Interlibrary Loan, Gene Wolfe (Tor 978-1-250-24236-5, $25.99, 308pp, hc) June 2020.
There was already something of a valedictory tone about Gene Wolfe’s 2015 novel A Borrowed Man, which portrayed a glum, diminished future in which authors survive as helpless ”reclones” who could be checked out of libraries like books (or cubes or disks) – but who could casually be incinerated if they aren’t checked out frequently enough. In that novel, Ern A. Smithe, the ”reclone” of a long-dead mystery writer in the Spice Grove public library, was checked out by a wealthy heiress who believed one of his books contained clues to a family mystery. In the sequel, Interlibrary Loan, Smithe finds himself, along with a cookbook author and romance writer, trucked to another small-town library in Polly’s Cove, where he is checked out by Chandra, the teenage daughter of a woman named Adah Fevre, whose anatomy professor husband has been missing for years. With no private detectives around, Adah hopes that Ern – an earlier ”edition” of whom she had consulted before (which becomes a plot point) – might be able to help, even though (as in A Borrowed Man) he points out that a writer of mysteries doesn’t really have the skills of a detective – though he does, suggestively, mention Treasure Island. This turns out to be prescient, since a mysterious hand-drawn map (whose ink seems to have magical properties when touched) is the main clue to finding a remote ”isle of corpses” that, according to his research associate, the husband had visited to find cadavers for his anatomy classes.
This being a Gene Wolfe novel, of course, what initially seems a straightforward mystery quickly soars off in unexpected directions, both in terms of plot and of narrative trickery. Smithe discovers that an earlier version of himself has been murdered in the library, adding to the mystery. Together with Adah, Chandra, and the reclone of a long-dead author of sailing books named Audrey Hopkins (with whom he develops a relationship), he sets out to find the island – but even before they get there, part of the mystery is resolved, only to open up new mysteries. On the island itself, where the locals have preserved their dead in ice caves for centuries, a stranger hands Smithe a flat box with weirdly magical properties. Yet another murder follows. By the time we’re done, the cast of characters has expanded to include the professor’s glamorous assistant and a western-writer reclone, and the puzzles expanded to include a hidden treasure and a secret doorway that may be a portal to another planet – possibly the same planet that Smithe had visited through a different portal in A Borrowed Man.
While, as is often the case with Wolfe, parts of the story are recounted by characters whose veracity we have plenty of reason to question, Smithe’s own voice is almost pointedly flat and restricted; as he reminds us, ”I have to talk the way the first Ern A. Smith wrote exposition.” Not only are the reclones prohibited from writing new books, as they were in the earlier novel; they’re even prohibited from developing their own voices (hence the Western author speaks only in the B-movie Western slang), even though in every other way they’re fully human. While there is much familiar Wolfe imagery throughout the novel – doorways, journeys, magical objects, doubles, enigmatic figures – there is also an almost overwhelming sense of compromise with mortality: authors surviving only on the shelves of libraries, villagers preserved for centuries in ice caves (some, it is suggested, still partially alive), clones coming to terms with earlier versions of themselves. Those are the sorts of nightmares you’d expect to have occurred to a great many writers – but there is also the hint of treasures brought from distant worlds, which is something else Wolfe was pretty good at. Interlibrary Loan is, like most of Wolfe’s final novels, more intimate in scope and restrained in style than his celebrated masterpieces, but it’s a fitting and suitably twisty rumination on which to end an astonishing career.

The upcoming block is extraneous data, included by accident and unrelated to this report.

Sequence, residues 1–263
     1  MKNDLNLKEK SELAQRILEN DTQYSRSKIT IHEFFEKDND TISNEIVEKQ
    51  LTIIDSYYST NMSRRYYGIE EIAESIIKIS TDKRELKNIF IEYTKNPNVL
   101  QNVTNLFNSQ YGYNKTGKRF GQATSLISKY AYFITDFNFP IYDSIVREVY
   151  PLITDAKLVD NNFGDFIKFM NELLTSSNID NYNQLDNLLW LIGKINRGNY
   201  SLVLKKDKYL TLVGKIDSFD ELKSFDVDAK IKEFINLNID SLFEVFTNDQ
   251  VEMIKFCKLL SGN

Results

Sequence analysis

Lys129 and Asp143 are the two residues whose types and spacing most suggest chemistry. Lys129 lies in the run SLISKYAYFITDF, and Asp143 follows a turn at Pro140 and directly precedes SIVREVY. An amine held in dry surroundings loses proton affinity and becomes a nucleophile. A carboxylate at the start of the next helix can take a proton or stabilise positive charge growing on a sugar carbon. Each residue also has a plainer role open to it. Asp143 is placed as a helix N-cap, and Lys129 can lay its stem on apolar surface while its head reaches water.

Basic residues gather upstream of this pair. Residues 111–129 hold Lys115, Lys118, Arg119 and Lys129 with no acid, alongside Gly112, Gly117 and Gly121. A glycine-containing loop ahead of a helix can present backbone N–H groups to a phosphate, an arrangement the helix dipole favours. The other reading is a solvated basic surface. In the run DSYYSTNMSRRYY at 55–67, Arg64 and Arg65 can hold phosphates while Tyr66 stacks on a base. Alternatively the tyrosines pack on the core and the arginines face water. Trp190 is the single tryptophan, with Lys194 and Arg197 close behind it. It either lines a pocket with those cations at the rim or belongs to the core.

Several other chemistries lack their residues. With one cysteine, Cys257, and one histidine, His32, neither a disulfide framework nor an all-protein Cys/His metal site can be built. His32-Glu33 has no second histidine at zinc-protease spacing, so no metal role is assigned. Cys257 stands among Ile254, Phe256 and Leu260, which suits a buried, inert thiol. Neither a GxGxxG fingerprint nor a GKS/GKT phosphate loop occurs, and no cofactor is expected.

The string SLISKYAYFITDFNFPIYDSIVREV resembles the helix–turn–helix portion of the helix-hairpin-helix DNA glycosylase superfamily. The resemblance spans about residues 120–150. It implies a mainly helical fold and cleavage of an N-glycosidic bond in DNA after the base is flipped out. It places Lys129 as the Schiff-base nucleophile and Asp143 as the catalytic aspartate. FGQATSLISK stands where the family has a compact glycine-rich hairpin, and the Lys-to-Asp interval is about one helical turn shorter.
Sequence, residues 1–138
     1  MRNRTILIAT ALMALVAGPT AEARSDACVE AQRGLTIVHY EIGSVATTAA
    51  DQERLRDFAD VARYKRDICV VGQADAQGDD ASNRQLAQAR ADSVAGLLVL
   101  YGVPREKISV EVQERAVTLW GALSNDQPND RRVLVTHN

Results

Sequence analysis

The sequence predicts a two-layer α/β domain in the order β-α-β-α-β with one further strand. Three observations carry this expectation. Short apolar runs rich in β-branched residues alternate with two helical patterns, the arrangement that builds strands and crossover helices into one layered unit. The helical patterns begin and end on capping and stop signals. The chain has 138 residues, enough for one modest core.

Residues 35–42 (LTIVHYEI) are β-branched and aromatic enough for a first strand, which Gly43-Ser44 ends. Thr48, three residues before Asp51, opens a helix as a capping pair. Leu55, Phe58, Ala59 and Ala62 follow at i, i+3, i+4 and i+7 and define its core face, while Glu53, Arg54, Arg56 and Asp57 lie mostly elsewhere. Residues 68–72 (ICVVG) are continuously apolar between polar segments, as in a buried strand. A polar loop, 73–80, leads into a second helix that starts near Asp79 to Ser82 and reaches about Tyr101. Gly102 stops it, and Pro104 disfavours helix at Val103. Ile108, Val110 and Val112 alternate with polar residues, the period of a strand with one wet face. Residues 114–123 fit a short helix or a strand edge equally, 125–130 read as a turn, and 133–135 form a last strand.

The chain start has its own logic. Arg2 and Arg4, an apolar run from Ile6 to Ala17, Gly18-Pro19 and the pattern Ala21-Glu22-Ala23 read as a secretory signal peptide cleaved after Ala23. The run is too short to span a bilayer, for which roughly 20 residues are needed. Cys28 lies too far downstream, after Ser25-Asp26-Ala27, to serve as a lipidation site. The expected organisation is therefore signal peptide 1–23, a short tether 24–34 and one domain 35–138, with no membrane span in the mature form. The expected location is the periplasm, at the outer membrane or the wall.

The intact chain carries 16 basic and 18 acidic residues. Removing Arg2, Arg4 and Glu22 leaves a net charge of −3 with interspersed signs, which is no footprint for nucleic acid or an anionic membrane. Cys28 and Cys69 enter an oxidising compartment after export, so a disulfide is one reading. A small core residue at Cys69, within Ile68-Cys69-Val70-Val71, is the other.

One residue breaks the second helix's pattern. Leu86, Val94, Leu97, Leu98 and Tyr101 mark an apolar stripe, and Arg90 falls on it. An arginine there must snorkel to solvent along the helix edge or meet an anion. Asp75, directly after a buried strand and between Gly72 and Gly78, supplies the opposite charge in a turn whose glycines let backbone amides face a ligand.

Gary K. Wolfe is Emeritus Professor of Humanities at Roosevelt University and a reviewer for Locus magazine since 1991. His reviews have been collected in Soundings (BSFA Award 2006; Hugo nominee), Bearings (Hugo nominee 2011), and Sightings (2011), and his Evaporating Genres: Essays on Fantastic Literature (Wesleyan) received the Locus Award in 2012. Earlier books include The Known and the Unknown: The Iconography of Science Fiction (Eaton Award, 1981), Harlan Ellison: The Edge of Forever (with Ellen Weil, 2002), and David Lindsay (1982). For the Library of America, he edited American Science Fiction: Nine Classic Novels of the 1950s in 2012, with a similar set for the 1960s forthcoming. He has received the Pilgrim Award from the Science Fiction Research Association, the Distinguished Scholarship Award from the International Association for the Fantastic in the Arts, and a Special World Fantasy Award for criticism. His 24-lecture series How Great Science Fiction Works appeared from The Great Courses in 2016. He has received six Hugo nominations, two for his reviews collections and four for The Coode Street Podcast, which he has co-hosted with Jonathan Strahan for more than 300 episodes. He lives in Chicago.
This review and more like it in the June 2020 issue of Locus.
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